Valerann and Excelerate Technology have won €1.2m funding from the European Space Agency (ESA) to use satellite technologies for road safety, traffic management and autonomous cars.
Valerann is a UK-Israeli start up uses solar-powered, connected road stud sensors as part of the Internet of Things (IoT) to support autonomous traffic management systems. These wireless sensors collect data about vehicle movement, physical objects and road surface conditions.
It has partnered with Excelerate Technology, a technology company based in Cardiff that offers satellite connectivity solutions and together they formed the ITS Equant consortium.
With the support of the Satellite Applications Catapult, ITS Equant secured funding from the ESA to use satellite communications and GPS technologies to develop Valerann’s system into a 'scalable off-grid solution'.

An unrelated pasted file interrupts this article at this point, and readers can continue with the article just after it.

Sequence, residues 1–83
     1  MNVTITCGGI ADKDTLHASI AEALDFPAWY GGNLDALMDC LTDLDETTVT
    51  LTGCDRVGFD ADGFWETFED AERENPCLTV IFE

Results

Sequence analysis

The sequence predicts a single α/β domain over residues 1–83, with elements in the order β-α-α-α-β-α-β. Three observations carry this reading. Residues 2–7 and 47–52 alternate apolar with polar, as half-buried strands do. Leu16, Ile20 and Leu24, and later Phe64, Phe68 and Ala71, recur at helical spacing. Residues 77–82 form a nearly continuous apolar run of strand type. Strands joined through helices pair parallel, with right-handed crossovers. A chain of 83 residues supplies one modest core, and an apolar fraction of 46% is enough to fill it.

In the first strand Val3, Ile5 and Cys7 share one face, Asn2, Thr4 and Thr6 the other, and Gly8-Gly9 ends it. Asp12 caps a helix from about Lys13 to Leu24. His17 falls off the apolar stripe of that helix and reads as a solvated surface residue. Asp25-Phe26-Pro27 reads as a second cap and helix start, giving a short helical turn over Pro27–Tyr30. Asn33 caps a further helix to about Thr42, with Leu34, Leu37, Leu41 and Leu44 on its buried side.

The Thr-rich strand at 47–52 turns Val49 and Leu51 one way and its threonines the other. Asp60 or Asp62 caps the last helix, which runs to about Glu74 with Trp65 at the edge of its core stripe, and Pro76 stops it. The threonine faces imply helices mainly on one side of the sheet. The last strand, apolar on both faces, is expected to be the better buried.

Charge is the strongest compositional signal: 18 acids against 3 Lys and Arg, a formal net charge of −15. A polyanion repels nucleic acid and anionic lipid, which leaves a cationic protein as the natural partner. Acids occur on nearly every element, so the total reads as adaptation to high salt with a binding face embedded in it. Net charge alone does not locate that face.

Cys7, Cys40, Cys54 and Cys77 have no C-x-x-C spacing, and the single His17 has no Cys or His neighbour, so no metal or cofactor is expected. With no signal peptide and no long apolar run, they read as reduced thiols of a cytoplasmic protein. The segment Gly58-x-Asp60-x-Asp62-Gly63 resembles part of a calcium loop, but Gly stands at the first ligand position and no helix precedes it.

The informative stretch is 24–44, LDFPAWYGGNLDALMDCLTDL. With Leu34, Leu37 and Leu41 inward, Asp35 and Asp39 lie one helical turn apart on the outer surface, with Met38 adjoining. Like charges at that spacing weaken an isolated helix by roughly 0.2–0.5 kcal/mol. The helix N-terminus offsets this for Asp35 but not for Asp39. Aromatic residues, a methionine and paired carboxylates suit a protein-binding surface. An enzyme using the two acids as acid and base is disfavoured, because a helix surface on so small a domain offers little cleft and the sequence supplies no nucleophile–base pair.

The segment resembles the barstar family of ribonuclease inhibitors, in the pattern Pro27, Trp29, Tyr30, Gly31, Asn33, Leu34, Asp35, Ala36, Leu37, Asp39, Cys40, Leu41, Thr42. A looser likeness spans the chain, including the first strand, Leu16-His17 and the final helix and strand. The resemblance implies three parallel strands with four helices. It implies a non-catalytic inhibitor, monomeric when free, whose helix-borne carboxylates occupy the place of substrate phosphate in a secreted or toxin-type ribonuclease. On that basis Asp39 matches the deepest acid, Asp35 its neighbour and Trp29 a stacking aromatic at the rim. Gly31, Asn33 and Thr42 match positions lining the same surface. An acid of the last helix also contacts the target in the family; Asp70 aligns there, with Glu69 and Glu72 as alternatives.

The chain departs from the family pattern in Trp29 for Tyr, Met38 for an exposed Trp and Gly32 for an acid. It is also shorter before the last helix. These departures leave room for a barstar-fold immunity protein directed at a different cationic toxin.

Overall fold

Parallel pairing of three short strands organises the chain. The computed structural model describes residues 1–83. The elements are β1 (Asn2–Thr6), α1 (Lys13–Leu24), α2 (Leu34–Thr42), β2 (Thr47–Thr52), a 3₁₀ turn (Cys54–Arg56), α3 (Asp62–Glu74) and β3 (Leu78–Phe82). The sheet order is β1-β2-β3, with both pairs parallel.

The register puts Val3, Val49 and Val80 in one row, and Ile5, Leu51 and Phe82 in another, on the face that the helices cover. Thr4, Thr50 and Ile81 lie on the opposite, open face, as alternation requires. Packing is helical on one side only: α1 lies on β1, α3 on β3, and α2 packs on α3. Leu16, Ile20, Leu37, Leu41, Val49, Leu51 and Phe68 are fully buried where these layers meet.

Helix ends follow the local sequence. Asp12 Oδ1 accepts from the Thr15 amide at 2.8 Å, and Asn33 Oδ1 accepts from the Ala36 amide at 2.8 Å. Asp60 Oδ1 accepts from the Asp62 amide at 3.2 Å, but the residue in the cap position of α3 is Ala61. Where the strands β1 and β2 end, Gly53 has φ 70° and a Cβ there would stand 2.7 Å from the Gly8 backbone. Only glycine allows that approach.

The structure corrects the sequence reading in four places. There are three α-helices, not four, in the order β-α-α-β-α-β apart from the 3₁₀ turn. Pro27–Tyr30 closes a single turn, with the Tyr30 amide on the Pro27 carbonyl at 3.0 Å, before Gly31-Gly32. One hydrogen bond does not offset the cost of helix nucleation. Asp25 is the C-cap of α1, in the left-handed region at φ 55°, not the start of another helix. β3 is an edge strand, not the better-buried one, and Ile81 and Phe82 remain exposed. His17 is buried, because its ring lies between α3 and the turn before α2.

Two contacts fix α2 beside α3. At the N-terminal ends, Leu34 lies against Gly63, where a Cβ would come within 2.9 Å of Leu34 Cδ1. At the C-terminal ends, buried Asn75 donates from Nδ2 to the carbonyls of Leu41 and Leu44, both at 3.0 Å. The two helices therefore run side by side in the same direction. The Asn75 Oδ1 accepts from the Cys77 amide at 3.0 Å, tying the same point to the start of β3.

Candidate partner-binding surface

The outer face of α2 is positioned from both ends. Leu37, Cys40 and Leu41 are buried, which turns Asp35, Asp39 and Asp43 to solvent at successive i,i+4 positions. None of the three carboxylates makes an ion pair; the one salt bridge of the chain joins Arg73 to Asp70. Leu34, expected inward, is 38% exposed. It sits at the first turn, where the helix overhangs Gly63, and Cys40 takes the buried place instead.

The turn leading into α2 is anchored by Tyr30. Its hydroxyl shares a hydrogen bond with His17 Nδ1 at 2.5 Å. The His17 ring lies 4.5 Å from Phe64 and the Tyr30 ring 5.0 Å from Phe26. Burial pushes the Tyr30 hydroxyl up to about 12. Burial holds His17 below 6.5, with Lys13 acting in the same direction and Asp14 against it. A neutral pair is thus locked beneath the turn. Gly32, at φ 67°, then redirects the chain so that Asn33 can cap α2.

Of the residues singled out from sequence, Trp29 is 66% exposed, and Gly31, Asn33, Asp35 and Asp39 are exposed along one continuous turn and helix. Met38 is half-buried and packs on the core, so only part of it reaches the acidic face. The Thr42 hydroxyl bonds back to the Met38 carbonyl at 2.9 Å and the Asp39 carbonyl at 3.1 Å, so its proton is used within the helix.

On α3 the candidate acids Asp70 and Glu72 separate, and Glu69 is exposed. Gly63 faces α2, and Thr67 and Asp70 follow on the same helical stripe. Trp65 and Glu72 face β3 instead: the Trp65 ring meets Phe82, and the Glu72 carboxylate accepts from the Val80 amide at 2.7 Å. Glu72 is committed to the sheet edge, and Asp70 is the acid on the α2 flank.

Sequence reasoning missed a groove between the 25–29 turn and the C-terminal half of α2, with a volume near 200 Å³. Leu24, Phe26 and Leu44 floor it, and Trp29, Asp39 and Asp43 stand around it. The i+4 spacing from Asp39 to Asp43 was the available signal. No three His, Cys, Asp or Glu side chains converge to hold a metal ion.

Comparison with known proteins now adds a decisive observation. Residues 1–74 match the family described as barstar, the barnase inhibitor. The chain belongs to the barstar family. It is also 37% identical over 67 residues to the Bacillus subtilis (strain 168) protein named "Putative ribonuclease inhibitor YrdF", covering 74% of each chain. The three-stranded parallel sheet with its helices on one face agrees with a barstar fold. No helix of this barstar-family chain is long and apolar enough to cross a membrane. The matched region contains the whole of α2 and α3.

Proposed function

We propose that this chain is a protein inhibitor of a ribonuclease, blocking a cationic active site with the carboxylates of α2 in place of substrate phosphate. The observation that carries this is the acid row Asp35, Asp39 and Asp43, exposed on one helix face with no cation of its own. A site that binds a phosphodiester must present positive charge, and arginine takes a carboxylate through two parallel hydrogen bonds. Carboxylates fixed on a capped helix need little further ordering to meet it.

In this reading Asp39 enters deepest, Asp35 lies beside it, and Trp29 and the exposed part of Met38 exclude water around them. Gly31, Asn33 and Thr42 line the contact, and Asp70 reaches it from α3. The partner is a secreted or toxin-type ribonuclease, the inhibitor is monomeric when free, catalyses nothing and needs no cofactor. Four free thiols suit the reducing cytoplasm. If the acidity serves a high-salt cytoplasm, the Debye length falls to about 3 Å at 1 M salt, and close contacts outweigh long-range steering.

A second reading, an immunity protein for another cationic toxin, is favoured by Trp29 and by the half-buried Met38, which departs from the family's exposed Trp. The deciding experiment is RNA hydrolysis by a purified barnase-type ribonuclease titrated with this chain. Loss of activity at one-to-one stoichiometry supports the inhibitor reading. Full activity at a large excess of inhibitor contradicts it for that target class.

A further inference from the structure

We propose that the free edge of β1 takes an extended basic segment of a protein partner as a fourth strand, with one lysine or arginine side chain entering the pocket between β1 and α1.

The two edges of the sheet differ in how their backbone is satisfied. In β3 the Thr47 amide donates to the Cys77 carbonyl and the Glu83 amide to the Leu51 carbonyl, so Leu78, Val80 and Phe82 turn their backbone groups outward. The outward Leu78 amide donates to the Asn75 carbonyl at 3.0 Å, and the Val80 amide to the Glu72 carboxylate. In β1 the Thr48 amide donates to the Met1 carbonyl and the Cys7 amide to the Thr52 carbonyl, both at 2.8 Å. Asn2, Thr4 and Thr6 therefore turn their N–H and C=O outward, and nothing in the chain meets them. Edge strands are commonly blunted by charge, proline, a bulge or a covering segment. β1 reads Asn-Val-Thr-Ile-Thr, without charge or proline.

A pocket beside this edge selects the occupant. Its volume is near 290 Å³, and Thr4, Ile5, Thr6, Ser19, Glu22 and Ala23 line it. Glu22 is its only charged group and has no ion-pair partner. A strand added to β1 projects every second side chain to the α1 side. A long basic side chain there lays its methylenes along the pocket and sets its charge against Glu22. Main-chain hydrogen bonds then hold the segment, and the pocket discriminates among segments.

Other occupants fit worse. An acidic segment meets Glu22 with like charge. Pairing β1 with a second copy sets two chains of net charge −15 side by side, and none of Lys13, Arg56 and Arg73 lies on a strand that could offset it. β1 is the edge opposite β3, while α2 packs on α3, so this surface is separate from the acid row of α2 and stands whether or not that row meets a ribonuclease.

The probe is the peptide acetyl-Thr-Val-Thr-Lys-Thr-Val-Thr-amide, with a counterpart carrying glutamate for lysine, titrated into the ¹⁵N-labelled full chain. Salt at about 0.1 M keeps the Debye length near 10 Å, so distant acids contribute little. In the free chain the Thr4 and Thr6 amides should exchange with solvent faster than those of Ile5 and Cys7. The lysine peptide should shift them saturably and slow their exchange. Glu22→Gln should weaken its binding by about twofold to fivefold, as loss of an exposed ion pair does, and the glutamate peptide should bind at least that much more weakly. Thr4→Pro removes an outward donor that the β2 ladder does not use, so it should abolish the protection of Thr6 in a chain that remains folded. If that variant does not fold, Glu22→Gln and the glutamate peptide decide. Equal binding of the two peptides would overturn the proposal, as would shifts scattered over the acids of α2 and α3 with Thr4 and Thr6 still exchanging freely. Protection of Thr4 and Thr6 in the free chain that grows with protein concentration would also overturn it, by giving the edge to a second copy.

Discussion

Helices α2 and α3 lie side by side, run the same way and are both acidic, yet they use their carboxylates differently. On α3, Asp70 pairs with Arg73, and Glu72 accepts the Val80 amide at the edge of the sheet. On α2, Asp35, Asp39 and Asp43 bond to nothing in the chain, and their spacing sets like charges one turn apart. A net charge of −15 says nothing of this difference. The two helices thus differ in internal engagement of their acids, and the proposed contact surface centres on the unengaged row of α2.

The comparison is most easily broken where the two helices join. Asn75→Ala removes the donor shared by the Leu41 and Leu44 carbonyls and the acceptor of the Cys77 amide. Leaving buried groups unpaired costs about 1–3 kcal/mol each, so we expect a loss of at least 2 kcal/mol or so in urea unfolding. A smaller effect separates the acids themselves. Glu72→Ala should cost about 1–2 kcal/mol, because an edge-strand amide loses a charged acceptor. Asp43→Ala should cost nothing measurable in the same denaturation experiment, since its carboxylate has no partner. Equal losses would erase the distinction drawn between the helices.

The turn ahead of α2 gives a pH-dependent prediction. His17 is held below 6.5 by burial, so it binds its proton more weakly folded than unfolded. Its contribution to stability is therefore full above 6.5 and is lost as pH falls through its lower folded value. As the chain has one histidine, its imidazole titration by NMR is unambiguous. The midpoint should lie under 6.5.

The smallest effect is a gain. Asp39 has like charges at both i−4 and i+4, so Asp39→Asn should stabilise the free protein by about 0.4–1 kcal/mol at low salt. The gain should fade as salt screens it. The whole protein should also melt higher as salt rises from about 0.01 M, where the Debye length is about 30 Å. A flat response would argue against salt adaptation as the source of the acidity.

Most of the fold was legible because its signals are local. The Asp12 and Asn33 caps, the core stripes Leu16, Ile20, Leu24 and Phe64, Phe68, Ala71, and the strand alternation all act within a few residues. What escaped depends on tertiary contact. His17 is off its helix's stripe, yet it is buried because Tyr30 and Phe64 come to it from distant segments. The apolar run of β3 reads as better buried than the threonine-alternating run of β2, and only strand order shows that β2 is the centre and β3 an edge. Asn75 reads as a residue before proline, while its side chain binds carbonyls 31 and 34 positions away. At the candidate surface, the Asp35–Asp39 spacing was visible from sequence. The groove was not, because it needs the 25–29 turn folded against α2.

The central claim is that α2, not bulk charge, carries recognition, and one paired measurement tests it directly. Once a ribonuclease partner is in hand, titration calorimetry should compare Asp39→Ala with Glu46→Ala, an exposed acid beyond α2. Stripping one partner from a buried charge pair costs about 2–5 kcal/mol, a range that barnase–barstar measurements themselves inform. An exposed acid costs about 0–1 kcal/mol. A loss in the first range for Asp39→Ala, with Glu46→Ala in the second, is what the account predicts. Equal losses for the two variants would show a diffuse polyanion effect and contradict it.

Gabriel Jacobson, Valerann’s CEO, said: 'The advantages of traffic management are well documented, but both these technologies and future technologies such as autonomous vehicles are highly dependent on connectivity that often does not exist.
'With ITS Equant we will provide roads and road operators a scalable solution that can be deployed on any road, regardless of whether these roads have existing connectivity.'
David Savage, Excelerate Technology’s founder, said: 'Today, 36% of UK highways do not have stable 4G connectivity and many roads have no cellular connectivity whatsoever. We are excited to partner with Valerann and the European Space Agency to create a solution that collects data and provides connectivity on any road to make our journey’s safer and more efficient.'
Valerann and Excelerate Technology will collaborate over the next 18 months to integrate satellite technologies into Valerann’s Smart Road System.
The consortium aims to demonstrate how it can help road operators reduce detection and response time for traffic incidents and increase the effectiveness of counter congestion measures. It also aims to eventually accelerate the introduction of autonomous vehicles.